Authored by John F. Hornick and Carlos J. Rosario
The recently reported patent spat between two 3D printing startups offers some insight for businesses about IP rights. The spat involves a fairly common business disagreement: who owns a patent on technology that both companies use?
One player is NewPro 3D, a company headquartered in Vancouver that makes 3D printers using vat photopolymerization, also known as stereolithography or DLP, depending on the light source implemented. NewPro 3D was a stealthy company and hadn’t appeared in the 3D printing news until November 2015, when Nexa3D launched a Kickstarter campaign.
Nexa3D is an Italian company with its own vat photopolymerization machine. Nexa3D’s Kickstarter campaign claimed one of the fastest printers in the world at 1 cm/min, and more importantly, using patented technology.
The "patented technology" claim struck a nerve with NewPro 3D’s Diego Castanon. In late November, Diego took to Kickstarter’s message boards to explain that Nexa3D did not, and could not, have a patent on the technology because NewPro 3D invented the technology and filed for a U.S. patent in April 2015. Castanon also said that Nexa3D filed a European patent application in October, 2015 using NewPro 3D’s own description and drawings. Interestingly, Castanon provided the cover sheet of his own company’s patent application to 3DPrint.com, to show that his application dated back to April 2015.
Here’s the rub. Internationally-filed patent applications are not published for 18 months. This appears to be the case here, since we cannot find either application using online patent searches, and we’re told that the patents were only filed in April and October of last year. This begs the question, how would NewPro 3D know the content of Nexa3D’s patent application? We don’t know.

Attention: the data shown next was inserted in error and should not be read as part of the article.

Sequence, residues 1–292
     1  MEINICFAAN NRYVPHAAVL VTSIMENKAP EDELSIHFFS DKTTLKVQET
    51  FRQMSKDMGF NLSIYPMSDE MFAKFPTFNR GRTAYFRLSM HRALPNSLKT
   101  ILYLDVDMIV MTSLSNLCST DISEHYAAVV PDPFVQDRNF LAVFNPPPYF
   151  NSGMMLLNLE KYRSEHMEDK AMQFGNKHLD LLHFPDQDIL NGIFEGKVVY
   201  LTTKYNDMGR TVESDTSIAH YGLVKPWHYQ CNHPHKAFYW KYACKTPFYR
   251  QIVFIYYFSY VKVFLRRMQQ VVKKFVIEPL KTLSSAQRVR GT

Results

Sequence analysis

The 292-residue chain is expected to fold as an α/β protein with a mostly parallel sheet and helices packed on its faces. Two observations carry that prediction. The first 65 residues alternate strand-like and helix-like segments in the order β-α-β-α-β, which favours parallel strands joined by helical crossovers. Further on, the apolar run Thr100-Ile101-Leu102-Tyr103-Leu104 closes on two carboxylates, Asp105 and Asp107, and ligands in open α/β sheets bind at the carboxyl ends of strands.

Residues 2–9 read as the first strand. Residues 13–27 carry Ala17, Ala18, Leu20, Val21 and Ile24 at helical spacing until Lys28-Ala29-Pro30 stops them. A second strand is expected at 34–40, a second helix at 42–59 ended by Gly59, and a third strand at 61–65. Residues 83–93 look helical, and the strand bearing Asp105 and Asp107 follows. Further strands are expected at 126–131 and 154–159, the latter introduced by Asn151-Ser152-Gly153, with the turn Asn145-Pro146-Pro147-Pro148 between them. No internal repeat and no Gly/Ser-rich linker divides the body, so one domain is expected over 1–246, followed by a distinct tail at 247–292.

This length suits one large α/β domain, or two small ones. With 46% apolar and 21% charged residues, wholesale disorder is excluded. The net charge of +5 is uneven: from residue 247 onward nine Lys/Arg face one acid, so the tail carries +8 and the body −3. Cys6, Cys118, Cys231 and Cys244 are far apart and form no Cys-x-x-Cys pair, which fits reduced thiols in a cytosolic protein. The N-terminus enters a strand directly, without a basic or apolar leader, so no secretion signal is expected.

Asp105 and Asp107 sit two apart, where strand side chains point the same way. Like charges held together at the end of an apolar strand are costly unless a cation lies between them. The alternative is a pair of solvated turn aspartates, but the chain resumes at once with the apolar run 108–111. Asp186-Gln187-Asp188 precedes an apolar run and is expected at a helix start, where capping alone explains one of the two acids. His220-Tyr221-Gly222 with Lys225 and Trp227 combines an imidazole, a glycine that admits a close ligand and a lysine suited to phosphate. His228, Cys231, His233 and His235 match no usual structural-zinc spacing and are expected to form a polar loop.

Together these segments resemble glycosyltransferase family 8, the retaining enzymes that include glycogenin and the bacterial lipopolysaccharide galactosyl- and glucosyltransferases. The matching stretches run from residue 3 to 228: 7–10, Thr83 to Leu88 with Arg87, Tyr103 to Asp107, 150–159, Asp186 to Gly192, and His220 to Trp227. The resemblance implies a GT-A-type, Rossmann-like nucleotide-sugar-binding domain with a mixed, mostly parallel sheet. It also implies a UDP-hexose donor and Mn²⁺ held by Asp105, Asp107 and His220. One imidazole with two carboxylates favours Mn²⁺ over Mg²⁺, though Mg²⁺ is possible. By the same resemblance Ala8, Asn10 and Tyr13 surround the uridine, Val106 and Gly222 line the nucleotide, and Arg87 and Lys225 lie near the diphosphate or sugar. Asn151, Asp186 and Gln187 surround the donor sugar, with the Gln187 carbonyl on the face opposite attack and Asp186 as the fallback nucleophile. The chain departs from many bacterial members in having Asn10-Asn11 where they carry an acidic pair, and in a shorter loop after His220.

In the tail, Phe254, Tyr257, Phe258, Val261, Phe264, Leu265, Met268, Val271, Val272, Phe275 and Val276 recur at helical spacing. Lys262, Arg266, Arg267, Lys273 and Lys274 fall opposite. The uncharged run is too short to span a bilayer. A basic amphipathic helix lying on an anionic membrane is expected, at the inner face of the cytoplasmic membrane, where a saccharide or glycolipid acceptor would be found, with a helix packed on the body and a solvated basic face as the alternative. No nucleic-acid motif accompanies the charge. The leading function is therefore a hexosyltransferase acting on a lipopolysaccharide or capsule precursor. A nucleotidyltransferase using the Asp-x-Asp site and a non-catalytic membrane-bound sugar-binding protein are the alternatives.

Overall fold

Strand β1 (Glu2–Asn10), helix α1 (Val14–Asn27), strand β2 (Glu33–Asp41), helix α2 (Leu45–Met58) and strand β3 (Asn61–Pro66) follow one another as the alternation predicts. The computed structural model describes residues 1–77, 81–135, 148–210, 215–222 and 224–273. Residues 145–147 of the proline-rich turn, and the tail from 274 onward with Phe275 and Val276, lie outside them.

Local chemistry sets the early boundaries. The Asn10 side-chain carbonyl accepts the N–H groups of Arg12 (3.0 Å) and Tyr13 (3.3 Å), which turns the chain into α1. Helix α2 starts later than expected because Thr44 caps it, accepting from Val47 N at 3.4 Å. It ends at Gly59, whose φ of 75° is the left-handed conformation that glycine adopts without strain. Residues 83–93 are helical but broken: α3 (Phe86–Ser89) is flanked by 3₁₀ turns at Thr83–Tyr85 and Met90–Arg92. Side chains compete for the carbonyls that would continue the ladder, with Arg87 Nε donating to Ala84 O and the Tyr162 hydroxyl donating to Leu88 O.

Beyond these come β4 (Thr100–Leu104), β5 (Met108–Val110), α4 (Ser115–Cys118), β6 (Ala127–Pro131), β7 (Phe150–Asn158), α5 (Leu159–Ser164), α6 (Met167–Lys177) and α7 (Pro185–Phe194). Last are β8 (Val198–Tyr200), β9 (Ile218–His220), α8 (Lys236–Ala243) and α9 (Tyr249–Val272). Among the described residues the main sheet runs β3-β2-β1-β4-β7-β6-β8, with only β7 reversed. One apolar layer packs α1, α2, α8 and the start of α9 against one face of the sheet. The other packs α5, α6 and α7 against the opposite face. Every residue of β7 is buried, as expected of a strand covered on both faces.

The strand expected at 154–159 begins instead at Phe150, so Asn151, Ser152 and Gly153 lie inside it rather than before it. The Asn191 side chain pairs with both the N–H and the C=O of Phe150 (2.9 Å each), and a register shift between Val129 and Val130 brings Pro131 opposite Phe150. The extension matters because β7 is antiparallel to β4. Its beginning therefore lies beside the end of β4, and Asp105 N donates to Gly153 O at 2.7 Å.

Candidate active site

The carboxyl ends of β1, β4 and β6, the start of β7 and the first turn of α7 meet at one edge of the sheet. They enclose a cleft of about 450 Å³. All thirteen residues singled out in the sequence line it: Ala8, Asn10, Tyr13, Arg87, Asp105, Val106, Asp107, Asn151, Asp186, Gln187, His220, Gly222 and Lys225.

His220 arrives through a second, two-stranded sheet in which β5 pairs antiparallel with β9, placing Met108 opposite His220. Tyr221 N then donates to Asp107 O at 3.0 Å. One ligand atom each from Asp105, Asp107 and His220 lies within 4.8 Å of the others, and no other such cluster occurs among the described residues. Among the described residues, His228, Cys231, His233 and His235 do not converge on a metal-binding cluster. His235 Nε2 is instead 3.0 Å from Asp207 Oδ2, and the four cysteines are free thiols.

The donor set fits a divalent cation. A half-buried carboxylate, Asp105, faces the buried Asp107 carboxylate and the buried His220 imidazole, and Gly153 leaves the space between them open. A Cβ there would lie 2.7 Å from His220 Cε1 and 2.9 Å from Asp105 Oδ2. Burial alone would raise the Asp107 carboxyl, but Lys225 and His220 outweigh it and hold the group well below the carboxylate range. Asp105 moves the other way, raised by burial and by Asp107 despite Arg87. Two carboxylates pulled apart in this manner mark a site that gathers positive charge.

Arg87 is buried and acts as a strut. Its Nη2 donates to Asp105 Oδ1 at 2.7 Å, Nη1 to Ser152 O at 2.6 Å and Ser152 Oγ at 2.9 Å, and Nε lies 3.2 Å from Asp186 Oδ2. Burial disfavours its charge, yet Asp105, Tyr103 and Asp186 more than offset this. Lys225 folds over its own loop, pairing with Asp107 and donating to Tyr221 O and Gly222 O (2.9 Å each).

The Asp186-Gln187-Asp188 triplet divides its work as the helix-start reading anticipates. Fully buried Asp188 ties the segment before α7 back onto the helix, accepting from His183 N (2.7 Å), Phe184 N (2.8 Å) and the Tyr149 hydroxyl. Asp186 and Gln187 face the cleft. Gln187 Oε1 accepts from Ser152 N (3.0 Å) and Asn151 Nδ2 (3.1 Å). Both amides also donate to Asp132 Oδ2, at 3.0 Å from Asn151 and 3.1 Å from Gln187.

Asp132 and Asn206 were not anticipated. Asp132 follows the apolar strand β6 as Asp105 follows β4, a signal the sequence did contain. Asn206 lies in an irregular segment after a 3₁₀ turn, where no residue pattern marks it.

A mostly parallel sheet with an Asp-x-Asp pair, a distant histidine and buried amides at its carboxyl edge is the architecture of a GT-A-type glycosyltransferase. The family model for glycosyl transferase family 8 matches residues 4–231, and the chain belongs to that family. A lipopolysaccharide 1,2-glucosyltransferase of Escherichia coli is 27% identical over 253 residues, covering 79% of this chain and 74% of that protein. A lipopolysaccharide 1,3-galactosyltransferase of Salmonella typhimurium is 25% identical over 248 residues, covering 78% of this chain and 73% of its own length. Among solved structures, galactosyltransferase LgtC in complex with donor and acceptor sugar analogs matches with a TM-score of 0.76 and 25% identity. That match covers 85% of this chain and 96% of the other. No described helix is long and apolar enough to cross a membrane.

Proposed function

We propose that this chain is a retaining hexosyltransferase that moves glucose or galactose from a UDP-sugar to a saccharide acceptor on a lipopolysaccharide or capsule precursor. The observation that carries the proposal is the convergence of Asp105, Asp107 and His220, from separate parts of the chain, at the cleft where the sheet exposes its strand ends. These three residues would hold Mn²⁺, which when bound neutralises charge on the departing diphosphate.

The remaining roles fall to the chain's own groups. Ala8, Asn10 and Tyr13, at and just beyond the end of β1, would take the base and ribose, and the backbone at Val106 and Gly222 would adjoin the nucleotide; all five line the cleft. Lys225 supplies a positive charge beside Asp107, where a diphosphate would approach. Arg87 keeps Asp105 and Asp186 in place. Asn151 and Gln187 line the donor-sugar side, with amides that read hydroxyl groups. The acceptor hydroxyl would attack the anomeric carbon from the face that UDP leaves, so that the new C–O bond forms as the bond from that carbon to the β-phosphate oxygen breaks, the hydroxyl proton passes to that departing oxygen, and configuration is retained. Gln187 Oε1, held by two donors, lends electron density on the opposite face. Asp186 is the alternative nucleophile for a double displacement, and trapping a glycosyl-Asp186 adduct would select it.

In any case, Diego’s posts were correct when he asserted that a patent application is not a patent, and that without a granted patent, Nexa3D would not be able to prevent other companies from manufacturing its 3D printers. But even if NewPro 3D obtains a patent on the technology, it is possible in patent law that Nexa3D may be able to obtain its own patent on the same technology. For example, the U.S. Patent Office or a foreign patent office may not have known about NewPro 3D’s technology, and inadvertently granted Nexa3D’s patent application. The two patents could also claim different aspects of the same or similar technology. In fact, this happens often.
So what can we learn from this? For starters, international patent applications are typically not published for 18 months. Although prior art searches may be performed by patent attorneys and agents prior to filing a patent, the searches do not, and cannot, find all potential prior art that can be used to prevent a patent from being granted.
Also, simply because one company has a patent on a technology doesn’t mean that another company doesn’t have a patent on the same technology. The claims of each patent may cover different aspects of the technology, or claims on the same technology may have been inadvertently allowed by the patent office.
What may be most important here is companies need to know the implications of accusing another company of patent infringement. In the United States, such an accusation can result in the accused company filing what is called a declaratory judgment action. A DJ action can be filed by a potential infringer against a patent holder in an attempt to obtain a judgment declaring that the patent is invalid or that the potential infringer’s product does not infringe the patent. By simply accusing another company of infringing a specific patent, the accusing company may be drawn into a costly patent lawsuit in a court of the alleged infringer’s choosing. Of course, there are many exceptions and nuances to DJ actions, but anyone reading this would be well advised to consult with their attorney before accusing anyone of patent infringement.
Although NewPro 3D and Nexa3D haven’t engaged in patent warfare yet, there is probably some animosity. A stealth company had to come out of the shadows, a Kickstarter campaign was forced to end early, and plenty of anger has spilled onto Internet message boards. What happens next is anyone’s guess.Originally printed in 3D Printing Industry on February 29, 2016. This article is for informational purposes, is not intended to constitute legal advice, and may be considered advertising under applicable state laws. This article is only the opinion of the authors and is not attributable to Finnegan, Henderson, Farabow, Garrett & Dunner, LLP, or the firm's clients.